3.      Write Sector without verify    

Command: P

Aux1: Low byte of sector number  

Aux2: High byte of sector number

Returns: Serial bus error for record not found

This command is the same as the 'W' command except that it does not verify the sector.  In general, you do not need to verify the sector unless you have a very critical operation.  By not verifying, you can write data to the disk faster, as in order to verify, the drive has to wait for the sector it just wrote to come all the way around.  

4.      Read drive status

Command: S  

Aux1: Not used   

Aux2: Not used

Returns: Four bytes of data indicating status

The status command returns data indicating the condition of the drive as follows: 

Byte 0:

Bit 0:Indicates the last command frame had an error. The duplicator board does not use this bit. 

Bit 1:Checksum, indicates that there was a checksum error in the last command or data frame. The duplicator board does not use this bit.

Bit 2:Indicates that the last operation by the drive was in error. Not used by the duplicator board

Bit 3:Indicates a write protected diskette. 1=Write protect Bit 4:Indicates the drive motor is on. 1=motor on 

Bit 5:A one indicates MFM format (double density) 

Bit 6:Not used

Bit 7:Indicates Density and a Half

If 1 Byte 1:

Bit 0:FDC Busy should always be a 1 

Bit 1:FDC Data Request should always be 1

Bit 2:FDC Lost data should always be 1  

Bit 3:FDC CRC error, a 0 indicates the last sector read had    a CRC error 

Bit 4:FDC Record not found, a 0 indicates last sector not found    

Bit 5:FDC record type, a 0 indicates deleted data mark 

Bit 6:FDC write protect, indicates write protected disk

Bit 7:FDC door is open, 0 indicates door is open Byte 2:Timeout value for doing a format. 

Byte 3:not used, should be zero 


5.      Send configuration to drive  

Command: O

Aux1: not used   

Aux2: not used

Returns: nothing

This command sets the drive up for the next format command.  Be sure it is issued before using the standard format command ('!') as the drive sets this block up according to the disk that is installed.  The drive expects to see a 12 byte block of data sent by the computer of the following format:    

Byte 0:Number of tracks, should be set to 40 only 

Byte 1:Step rate, ignored by the duplicator   

Byte 2:Sectors per track high byte (always should be 0)   

Byte 3:Sectors per track, low byte, can be 18 or 26  

Byte 4:Max head number, should always be 0   

Byte 5:Density, Bit 2=1, double density  

Byte 6:Bytes per sector high byte   

Byte 7:Bytes per sector low byte   

Byte 8:Drive present flag   

Byte 9-11:not used, should be zero 

6.      Return Drive Configuration  

Command: N   

Aux1: not used

Aux2: not used  

Returns: Drive configuration block described above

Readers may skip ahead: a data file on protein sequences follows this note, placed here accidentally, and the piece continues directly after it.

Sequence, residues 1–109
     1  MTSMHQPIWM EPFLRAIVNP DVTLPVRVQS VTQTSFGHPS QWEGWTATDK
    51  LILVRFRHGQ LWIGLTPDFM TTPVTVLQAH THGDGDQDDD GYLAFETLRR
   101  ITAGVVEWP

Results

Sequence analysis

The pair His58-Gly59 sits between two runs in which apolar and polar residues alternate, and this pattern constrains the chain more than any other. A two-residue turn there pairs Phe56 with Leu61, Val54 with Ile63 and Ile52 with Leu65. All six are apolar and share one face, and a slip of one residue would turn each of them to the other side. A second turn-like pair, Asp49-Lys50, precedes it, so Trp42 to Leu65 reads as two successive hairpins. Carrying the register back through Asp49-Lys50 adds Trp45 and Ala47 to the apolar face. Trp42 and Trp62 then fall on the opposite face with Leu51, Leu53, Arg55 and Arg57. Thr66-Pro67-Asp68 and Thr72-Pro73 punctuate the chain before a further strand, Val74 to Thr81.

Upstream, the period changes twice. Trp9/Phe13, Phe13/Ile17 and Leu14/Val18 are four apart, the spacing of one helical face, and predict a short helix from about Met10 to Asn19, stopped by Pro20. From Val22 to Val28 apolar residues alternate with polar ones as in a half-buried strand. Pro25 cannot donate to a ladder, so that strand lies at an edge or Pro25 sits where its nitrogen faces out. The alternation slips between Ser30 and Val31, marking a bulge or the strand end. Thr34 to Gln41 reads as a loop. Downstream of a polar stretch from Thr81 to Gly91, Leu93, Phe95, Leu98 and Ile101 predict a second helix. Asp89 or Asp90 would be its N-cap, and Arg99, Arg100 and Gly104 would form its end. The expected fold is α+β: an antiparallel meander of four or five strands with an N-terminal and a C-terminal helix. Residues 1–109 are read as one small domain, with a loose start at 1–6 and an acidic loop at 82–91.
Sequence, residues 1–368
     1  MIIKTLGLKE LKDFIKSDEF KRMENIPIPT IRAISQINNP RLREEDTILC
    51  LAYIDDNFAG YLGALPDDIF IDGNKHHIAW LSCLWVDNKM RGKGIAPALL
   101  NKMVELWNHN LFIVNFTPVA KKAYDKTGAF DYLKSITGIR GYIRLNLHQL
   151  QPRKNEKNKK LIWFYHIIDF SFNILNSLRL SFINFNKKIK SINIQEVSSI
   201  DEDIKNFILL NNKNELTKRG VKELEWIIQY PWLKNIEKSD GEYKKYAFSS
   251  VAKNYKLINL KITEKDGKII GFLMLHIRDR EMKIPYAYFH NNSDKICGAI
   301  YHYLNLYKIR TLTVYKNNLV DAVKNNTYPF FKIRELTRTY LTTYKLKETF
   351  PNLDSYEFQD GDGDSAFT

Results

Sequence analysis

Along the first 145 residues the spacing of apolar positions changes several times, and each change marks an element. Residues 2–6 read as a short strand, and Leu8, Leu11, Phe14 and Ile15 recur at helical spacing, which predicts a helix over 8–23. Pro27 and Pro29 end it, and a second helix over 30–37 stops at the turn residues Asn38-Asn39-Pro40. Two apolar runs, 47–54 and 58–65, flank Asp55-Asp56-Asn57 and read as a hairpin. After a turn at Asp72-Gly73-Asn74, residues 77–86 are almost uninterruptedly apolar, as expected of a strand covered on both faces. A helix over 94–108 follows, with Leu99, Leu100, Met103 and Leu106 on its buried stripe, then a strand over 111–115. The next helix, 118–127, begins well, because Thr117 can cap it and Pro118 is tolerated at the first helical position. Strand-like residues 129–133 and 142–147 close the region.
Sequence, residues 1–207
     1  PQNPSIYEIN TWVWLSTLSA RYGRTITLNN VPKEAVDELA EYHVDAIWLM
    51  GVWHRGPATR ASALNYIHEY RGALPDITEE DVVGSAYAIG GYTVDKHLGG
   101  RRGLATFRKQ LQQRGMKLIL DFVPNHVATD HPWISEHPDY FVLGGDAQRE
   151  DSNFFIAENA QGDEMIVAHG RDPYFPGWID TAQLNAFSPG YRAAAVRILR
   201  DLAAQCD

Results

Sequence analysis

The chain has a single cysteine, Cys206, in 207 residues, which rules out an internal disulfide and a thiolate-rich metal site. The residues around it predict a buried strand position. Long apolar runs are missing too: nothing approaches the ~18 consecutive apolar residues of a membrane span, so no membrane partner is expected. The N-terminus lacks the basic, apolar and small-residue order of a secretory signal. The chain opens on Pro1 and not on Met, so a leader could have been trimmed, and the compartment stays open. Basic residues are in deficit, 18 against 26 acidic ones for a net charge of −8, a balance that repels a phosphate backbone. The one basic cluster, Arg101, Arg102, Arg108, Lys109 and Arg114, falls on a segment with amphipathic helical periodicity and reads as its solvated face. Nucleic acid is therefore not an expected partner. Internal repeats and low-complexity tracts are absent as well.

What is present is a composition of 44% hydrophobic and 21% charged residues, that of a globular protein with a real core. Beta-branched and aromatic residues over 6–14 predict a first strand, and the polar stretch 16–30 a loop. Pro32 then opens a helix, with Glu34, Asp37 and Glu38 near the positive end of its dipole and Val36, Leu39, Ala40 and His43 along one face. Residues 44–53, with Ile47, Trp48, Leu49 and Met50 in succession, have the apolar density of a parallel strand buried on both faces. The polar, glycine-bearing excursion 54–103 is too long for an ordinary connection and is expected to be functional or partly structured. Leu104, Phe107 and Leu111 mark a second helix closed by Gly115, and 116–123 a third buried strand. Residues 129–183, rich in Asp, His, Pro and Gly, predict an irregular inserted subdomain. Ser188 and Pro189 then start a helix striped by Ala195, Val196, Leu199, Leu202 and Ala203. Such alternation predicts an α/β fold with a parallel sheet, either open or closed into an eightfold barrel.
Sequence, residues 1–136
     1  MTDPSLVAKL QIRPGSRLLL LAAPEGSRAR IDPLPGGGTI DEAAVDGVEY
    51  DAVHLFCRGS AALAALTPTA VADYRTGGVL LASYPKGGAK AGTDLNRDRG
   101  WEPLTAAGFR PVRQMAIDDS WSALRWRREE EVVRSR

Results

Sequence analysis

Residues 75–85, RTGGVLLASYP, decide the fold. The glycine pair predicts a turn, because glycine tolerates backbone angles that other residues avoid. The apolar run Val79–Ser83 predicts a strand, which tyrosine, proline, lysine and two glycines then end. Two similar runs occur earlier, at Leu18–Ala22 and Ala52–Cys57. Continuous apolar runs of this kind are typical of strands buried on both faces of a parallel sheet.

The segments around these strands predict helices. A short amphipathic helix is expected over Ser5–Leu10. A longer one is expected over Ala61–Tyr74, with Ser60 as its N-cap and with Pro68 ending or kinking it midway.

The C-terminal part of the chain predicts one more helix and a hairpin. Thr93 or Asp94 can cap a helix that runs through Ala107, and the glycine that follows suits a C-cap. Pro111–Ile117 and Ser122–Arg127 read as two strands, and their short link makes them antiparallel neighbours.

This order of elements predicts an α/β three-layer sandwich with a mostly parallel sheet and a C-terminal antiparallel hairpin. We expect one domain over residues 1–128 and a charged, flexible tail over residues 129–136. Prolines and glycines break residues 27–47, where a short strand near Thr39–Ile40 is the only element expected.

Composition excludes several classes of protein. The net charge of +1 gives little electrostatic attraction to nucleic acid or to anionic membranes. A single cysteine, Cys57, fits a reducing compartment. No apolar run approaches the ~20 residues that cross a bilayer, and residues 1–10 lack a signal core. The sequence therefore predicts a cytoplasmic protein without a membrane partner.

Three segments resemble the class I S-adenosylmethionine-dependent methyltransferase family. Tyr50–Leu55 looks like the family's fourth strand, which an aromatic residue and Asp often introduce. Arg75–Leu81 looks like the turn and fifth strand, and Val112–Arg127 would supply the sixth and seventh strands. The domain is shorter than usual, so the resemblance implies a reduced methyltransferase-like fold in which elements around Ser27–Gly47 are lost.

This command examines the drive configuration that will determine how the disk will be formatted on the next standard format command. 

7.      Standard Disk Format 

Command: !   

Aux1: not used

Aux2: not used

Returns: Block of data indicating bad sector map First off, this command does not return a bad sector map.  It does send back 128 or 256 bytes depending on the length of the sectors on the disk.  If a bad sector is found the drive will return a serial bus error.  You should make sure that the drive configuration is set before a format command is issued. 

8.      Density and a half disk format  

Command: ”

Aux1: Not used  

Aux2: Not used    

Returns: 128 byte block

Forces drive to format in ATARI 1050 double density (density and a half).  Does not really return bad sector map. 

9.      Custom Sector Disk Format    

Command: f   

Aux1: not used   

Aux2: not used   

Returns: SIO error if disk is defective 

The drive expects a 128 byte data frame to be uploaded.  The first 12 bytes contain drive configuration info that indicate how the disk is to be formatted.  The next 18 or 26 byte indicates the sector skewing to be used in formatting.  In this way the user can use his/her own custom skew when formatting this disk.  This command is used by Sparta Dos when formatting Ultra Sector Skewing.


10.  Return Speed index

Command: ?  

Aux1: not used   

Aux2: not used 

Returns: One byte indicating speed index

This command does several things. First, it returns one byte that is to be used by a custom high-speed serial handler, and second, it will shift the drive into the high-speed mode.  Presently, the drive returns the value of 10. If the next command frame is still sent out at the standard baud rate, the drive will automatically shift back.


11.  Set drive buffer mode.

Command: b  

Aux1: mode   

Aux2: not used 

If Aux1 is 0, then the drive will be put into the track buffered mode.  Any other value will put the drive into the unbuffered mode.  This is the command that puts the drive into the so-called "forced slow mode".